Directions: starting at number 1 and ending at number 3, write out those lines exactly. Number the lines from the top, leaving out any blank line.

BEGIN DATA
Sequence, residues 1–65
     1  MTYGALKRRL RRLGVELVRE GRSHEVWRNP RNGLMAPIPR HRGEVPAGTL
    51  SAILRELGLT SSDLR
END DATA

Sequence, residues 1–65
     1  MTYGALKRRL RRLGVELVRE GRSHEVWRNP RNGLMAPIPR HRGEVPAGTL
    51  SAILRELGLT SSDLR